Are you a social chameleon?
Let’s take a look at some of the traits of this personality type and find out – there are more of them (us!) than you might think.
The key characteristic of the social chameleon, just like their reptilian color-changing counterpart, is an ability to blend seamlessly into any social environment.
They can be the life and soul of the party or be quiet and reserved; they pay close attention to social cues and will mimic the behavior of others.
This social flexibility is often a very useful skill, with its psychological roots in our human need to feel socially included.
That said, there are those who set out with the precise intention to mold and re-invent themselves as a particular situation dictates.
They can swing effortlessly from easy sociability to quiet contemplation, as the situation demands.
Such adaptability makes them skilled at lying, but they’re also masters of soothing ruffled feathers when social situations go awry.
These are the true ‘operators’ that we often observe, possibly with admiration, but maybe also with slight disdain.
The interesting thing is that, if we’re susceptible to this type of personality shape-shifting, it’s so natural and unconscious that we often don’t even know we’re doing it.
And, for good or ill, there’s more than a little of this type of behavior in the majority of people.
How many times have you been talking to someone with an accent and unintentionally found yourself mimicking their distinctive twang?
Or perhaps you’ve caught yourself unconsciously copying the body language of someone you’re talking to?
What’s The Psychology?
Ultimately, it comes down to psychology and one theory behind our natural tendency to mimic other people’s behavior is that it can encourage them to feel positively about us.
And most of we humans like to be liked, right?
A revealing psychological study set out to explore whether people automatically mimic others, even people whom they’ve never met before.
The 78 subjects chatted with an ‘insider’ – a stranger – who’d been primed to smile, touch their faces, and waggle their feet during the encounter.
Results showed that the majority of subjects unconsciously mimicked the foot waggling and face touching.
The second question the study set out to answer is whether mimicry increased liking.
For this exercise, the subjects discussed random pictures with the insiders.
Some of the insiders had been told to mimic the subject’s body language, while some had been told not to.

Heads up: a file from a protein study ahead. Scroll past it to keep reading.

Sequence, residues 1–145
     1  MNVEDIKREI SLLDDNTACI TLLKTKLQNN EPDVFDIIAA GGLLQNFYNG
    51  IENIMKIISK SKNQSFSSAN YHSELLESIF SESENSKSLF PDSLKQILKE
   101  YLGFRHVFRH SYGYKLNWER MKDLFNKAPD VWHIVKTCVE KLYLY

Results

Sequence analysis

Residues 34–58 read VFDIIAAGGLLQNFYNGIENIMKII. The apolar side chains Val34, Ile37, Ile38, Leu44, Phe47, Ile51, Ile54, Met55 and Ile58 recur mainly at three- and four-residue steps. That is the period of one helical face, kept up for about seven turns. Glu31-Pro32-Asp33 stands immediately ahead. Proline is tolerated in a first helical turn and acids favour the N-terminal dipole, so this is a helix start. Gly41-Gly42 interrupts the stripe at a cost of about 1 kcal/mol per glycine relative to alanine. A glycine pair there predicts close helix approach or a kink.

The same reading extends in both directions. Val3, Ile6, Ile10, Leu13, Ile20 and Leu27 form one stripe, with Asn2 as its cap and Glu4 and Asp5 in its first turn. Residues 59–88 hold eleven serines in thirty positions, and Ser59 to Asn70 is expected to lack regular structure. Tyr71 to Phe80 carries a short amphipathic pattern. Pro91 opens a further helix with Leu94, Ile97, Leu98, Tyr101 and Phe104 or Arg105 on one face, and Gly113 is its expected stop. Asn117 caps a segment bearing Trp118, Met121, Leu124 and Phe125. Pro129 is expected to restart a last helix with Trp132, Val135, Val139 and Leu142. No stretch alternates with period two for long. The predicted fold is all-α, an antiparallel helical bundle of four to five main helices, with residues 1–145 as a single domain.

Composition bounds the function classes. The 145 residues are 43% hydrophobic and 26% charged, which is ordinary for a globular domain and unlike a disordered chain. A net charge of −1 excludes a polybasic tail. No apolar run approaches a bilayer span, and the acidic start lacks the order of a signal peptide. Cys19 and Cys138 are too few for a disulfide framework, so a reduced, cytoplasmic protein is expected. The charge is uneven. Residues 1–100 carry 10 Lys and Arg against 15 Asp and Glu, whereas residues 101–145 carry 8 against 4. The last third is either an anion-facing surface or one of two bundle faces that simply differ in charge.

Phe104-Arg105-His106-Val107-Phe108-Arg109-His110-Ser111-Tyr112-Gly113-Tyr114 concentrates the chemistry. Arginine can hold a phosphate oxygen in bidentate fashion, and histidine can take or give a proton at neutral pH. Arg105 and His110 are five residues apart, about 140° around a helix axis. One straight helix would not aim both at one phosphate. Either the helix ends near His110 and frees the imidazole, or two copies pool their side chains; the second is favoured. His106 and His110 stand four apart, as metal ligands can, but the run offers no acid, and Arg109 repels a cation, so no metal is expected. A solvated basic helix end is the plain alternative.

When asked afterwards how they felt about the interaction, the subjects who experienced the mimicry rated it as more enjoyable than those who hadn’t.
With these results in mind, might we all benefit from consciously increasing our mimicry?
Should we all become more chameleon-like in our behavior?
Might this be the thing which will be the key to success at work or in our romantic life?
Because a key part of the chameleon effect is that we don’t realize that we’re doing it.
Any conscious attempt to copy others’ body language is unlikely to have the effect we’re aiming for.
How To Identify A Social Chameleon
As Dr Mark Snyder, a social psychologist at the University of Minnesota, puts it, a social chameleon tries “to be the right person in the right place at the right time.”
They’re minutely and intuitively attuned to the way others respond to them and constantly adapt their own behavior when they feel they’re not creating the right impression.
Dr Snyder goes on to quote the British poet W.H. Auden, who was honest enough to admit that the reality of his own persona was “very different from the image which I try to create in the minds of others in order that they may love me.”
According to Dr Snyder, social chameleons – ‘high self-monitors’ as he calls them – tend to:
– pay careful attention to social cues, scrutinizing others with keenness so as to know what is expected of them before making a response.
– try to be as others expect them to be, in order to get along and to be liked. For example, they try to make people they dislike think they are friendly with them.